Ravenscourt Park, London W6

Ravenscourt Park, well hidden from the world, lies between the Goldhawk Road and King Street. It is worth every step of the way to visit on a crisp December afternoon if you can spare the time to travel on the tube one stop west of Hammersmith. The train comes out into the air here and strikes across the southern tip of the park on a viaduct, trundling and clacking over the car workshops in the arches beneath.

Ravenscourt_Park_-_geograph.org.uk_-_1231556If you stand a little way off in the park in the early evening you can see the lights in the carriages moving in the middle of the sky, half way up the trees. The squirrels take no notice. Along the west side of the park, like a gigantic Cunard liner, sails the grand red brick Masonic Hospital, 30s to the hilt and every inch of it of tip top. It was designed in flat roofed blocks by Sir John Burnett with sculptured concrete work by Gilbert Baye.

As you cross the park the roar of the traffic in the (Roman) Goldhawk Road is like the far off sound of the sea. These winding paths, the lake and the majestic avenue, once elms and chestnuts, suspend you in another world. Ravenscourt Park, in an earlier guise was the old estate of Palingswick or Paddenswick Manor which, for a romantic time during the mid 14th century, was the home of Alice Perrers a mistress of Edward III.

By the middle of the 17th century the then owner Maximilian Bard had decided to pull the house down and build a new mansion on the moated site. The present lake is probably a remnant of the moat. The final form of the house was readjusted in the 1740s by Thomas Corbel 1. Secretary to the Admiralty, who decided to change the name of the house to ‘Ravenscourt’, an allusion to his own name. The elaborate wrought-iron gates at the entrance by the flower garden bear big ciphers.

Sadly there were to be few generations of Corbell children running about in Ravenscourt Park, for in 1812 the last private owner George Scott came along and snapped it up. Scott was a property developer. Gradually, around the park Regency stucco streets sprang up with plain, elegant little houses – those in Ravenscourt Gardens being among the prettiest. Scott did a deal with the London and South Western Railway who built the present viaduct for their Kensington to Richmond Line (which opened in 1869), and with his new-found wealth he is said to have employed the fashionable landscape designer Humphrey Repton to beautify the grounds.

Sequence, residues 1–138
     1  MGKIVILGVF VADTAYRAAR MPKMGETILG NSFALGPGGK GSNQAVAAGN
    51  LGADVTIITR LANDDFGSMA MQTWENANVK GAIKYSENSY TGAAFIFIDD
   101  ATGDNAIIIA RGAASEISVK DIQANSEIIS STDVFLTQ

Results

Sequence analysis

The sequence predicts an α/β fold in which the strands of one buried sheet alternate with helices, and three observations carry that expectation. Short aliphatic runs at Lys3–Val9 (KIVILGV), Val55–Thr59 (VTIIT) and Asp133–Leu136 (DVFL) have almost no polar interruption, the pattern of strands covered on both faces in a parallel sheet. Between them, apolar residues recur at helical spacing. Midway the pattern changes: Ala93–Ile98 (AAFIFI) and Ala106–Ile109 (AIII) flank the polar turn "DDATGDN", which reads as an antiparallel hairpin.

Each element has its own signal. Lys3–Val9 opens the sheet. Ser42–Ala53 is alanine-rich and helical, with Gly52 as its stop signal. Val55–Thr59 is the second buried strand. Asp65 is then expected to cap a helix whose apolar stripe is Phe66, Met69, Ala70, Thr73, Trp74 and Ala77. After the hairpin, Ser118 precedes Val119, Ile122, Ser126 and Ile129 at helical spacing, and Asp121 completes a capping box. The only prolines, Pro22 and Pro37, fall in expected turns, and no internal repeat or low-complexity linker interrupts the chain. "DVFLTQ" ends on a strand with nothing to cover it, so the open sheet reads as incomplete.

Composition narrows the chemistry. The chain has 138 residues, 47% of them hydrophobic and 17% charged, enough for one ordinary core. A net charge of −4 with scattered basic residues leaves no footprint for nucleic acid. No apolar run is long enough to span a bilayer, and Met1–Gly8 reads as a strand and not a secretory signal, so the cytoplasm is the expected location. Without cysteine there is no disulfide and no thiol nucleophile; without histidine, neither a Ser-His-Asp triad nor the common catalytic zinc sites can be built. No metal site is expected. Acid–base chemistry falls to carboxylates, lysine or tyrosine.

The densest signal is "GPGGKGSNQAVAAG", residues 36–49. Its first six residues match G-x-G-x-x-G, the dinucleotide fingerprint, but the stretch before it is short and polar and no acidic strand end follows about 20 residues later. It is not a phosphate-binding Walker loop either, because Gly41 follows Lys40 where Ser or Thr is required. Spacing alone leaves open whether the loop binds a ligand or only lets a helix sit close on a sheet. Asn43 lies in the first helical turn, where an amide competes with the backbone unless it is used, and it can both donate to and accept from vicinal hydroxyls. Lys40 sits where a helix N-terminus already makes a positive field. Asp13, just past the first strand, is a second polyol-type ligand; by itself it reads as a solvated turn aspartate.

Whether he did or not the park is still lovely. In 1888, after Scott’s death, a deal was struck by the Hammersmith authorities to acquire the house and 30 odd acres of the park for the public. Today the plane trees soar, there are cedars on the lawns beside the site of the house (destroyed by enemy action in 1941), and black swans on the lake. There are three children’s’ playgrounds, a football pitch, a paddling / pool, a crazy golf course, there is a wooden verandah-ed pavilion above the bowling green (the latter still in the same place after 300 years). There is a walled ‘scented garden’ with herbaceous borders and a rose pergola, a wild garden and a skateboard ramp. Jim Bradley is in charge of the park’s upkeep and designs the spring and summer bedding displays in the ‘scroll beds’ near the lake. Next year is the 75th anniversary of the British Legion and he has chosen to depict their badge in red, white and blue flowers.

(The Ravenscourt Park Tea house in the Georgian stable block of brown and red brick, serves croissons, home made cake and excellent salads.)

Photo: Wikimedia Commons /  Peter Smyly


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